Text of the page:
LETTER: Both Ellsworth School District referendums must pass
I urge Ellsworth District Community members to vote “Yes” on Tuesday, February 18, to pass both the Facilities Referendum and Operating Referendum for the following reasons:
- Dramatically improved safety and security of our school children
- Increased flexibility with and access to quality resources
- Long-term community health and development
First, when asked two years ago by the Pierce County Herald why I sought to serve on the school board, my answer was as follows:
It is the responsibility of community members to ensure the infrastructure is in place for its children to live within a society that is safe, has a strong education foundation and offers opportunities to engage its residents at all levels. Ellsworth enjoys a rich history of community involvement, as evidenced by the many life-long residents who are hyper-active community leaders from all sectors – business, church, civic and volunteer. As a resident, step-parent and business owner within this community, I take serious the obligation of being active in effecting positive change to ensure the health and well-being of our children.
This is my second year as a board member. I am honored to serve with my fellow board members in partnership with our superintendent, Barry Cain, and within a district comprised of talented, engaged and personally-invested teachers. There have been numerous changes imposed on our system over the past couple years; yet, even within the messiness, I’ve observed nothing but dedication and resilience exhibited at every level. That is leadership. That is partnership. That is community.
Speaking of community, it is critical to understand that the process taken to develop the plan which birthed these two referendum questions was entirely community-based and driven. Parents, teachers, community and business leaders, invested many, many hours to research and identify issues, select the professional team and guide the process every step of the way. It began with developing the 5-year Strategic Plan (~100 participants), followed by the AdHoc Facilities Committee (25 participants) assessment, which informed the professional architectural and construction management team.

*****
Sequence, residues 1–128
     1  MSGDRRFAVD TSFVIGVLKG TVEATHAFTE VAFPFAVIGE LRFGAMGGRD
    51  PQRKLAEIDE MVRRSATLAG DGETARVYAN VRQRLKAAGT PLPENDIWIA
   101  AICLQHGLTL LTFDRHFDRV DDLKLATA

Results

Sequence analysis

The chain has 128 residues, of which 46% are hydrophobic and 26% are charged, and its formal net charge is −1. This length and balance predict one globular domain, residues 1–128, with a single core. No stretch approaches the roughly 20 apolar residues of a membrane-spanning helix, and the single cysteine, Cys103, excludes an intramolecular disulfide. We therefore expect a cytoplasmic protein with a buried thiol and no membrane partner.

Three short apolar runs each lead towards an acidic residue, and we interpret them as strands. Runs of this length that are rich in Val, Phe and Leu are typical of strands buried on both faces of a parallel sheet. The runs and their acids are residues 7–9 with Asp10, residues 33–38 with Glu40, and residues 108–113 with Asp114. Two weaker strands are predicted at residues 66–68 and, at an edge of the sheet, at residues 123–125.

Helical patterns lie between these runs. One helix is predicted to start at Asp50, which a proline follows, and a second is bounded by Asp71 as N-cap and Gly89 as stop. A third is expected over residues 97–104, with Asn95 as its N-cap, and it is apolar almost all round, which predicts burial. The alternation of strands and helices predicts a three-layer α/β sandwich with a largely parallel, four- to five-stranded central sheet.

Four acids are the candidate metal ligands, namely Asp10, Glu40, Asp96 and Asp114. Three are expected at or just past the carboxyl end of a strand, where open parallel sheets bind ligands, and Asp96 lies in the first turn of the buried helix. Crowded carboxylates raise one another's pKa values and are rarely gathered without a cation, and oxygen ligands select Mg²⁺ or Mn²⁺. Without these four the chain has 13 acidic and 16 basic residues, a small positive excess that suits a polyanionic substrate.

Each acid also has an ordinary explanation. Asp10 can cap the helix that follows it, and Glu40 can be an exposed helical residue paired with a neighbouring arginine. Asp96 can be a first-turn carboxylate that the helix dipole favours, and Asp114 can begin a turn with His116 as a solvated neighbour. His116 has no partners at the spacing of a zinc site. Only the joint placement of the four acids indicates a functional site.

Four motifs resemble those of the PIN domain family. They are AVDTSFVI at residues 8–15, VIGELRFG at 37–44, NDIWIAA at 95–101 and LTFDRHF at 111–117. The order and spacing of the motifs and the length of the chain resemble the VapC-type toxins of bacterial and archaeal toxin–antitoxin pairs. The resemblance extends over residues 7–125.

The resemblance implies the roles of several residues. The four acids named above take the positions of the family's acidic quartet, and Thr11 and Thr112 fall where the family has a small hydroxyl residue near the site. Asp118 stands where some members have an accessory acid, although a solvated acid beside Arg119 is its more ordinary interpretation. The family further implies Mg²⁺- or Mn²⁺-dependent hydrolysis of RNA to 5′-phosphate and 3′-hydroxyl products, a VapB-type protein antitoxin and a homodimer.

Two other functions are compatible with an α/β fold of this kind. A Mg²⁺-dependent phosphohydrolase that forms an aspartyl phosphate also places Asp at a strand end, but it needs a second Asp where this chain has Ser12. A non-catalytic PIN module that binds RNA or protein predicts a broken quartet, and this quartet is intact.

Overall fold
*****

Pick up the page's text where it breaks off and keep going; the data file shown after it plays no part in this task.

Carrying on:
Finally, the health of a community is defined by the health of its children. Because we are a large, rural district, our community spans many miles of country roads. We are still a community. The campus design will optimize collaboration among physical and professional resources. Children with special needs will have access to more resources, teachers and activities. Teachers will have increased opportunities to co-create and collaborate within a true Professional Learning Community, providing back-up support and ready-access to shared resources. Parents with children attending elementary, middle school and/or high school, will enjoy having close proximity to competing activities.
As such, there is no question in my mind that the passing of both of these referendums is what precisely what our community needs – at this time – to meet the increased challenges and ever-changing dynamics of delivering quality education to our children … imparting knowledge that is relevant and memorable and within a healthy, safe, collaborative environment.
Join me Tuesday, February 18, and vote “Yes” to both referendums. Thank you.